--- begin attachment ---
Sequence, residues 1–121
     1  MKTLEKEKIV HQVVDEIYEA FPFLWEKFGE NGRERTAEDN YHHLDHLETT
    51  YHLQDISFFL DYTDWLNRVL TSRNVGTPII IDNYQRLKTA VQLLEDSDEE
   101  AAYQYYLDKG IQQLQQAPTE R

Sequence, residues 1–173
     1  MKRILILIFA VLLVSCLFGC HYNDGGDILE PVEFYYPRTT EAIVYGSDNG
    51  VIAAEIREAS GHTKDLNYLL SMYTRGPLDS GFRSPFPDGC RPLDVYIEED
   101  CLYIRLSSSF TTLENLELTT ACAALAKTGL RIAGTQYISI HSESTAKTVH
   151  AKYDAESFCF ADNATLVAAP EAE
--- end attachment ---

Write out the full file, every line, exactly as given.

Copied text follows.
Sequence, residues 1–121
     1  MKTLEKEKIV HQVVDEIYEA FPFLWEKFGE NGRERTAEDN YHHLDHLETT
    51  YHLQDISFFL DYTDWLNRVL TSRNVGTPII IDNYQRLKTA VQLLEDSDEE
   101  AAYQYYLDKG IQQLQQAPTE R

Sequence, residues 1–173
     1  MKRILILIFA VLLVSCLFGC HYNDGGDILE PVEFYYPRTT EAIVYGSDNG
    51  VIAAEIREAS GHTKDLNYLL SMYTRGPLDS GFRSPFPDGC RPLDVYIEED
   101  CLYIRLSSSF TTLENLELTT ACAALAKTGL RIAGTQYISI HSESTAKTVH
   151  AKYDAESFCF ADNATLVAAP EAE